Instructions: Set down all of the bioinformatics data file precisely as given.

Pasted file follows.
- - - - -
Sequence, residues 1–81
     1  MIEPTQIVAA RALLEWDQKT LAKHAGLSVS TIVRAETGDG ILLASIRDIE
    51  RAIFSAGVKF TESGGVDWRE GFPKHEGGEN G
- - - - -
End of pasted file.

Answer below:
Sequence, residues 1–81
     1  MIEPTQIVAA RALLEWDQKT LAKHAGLSVS TIVRAETGDG ILLASIRDIE
    51  RAIFSAGVKF TESGGVDWRE GFPKHEGGEN G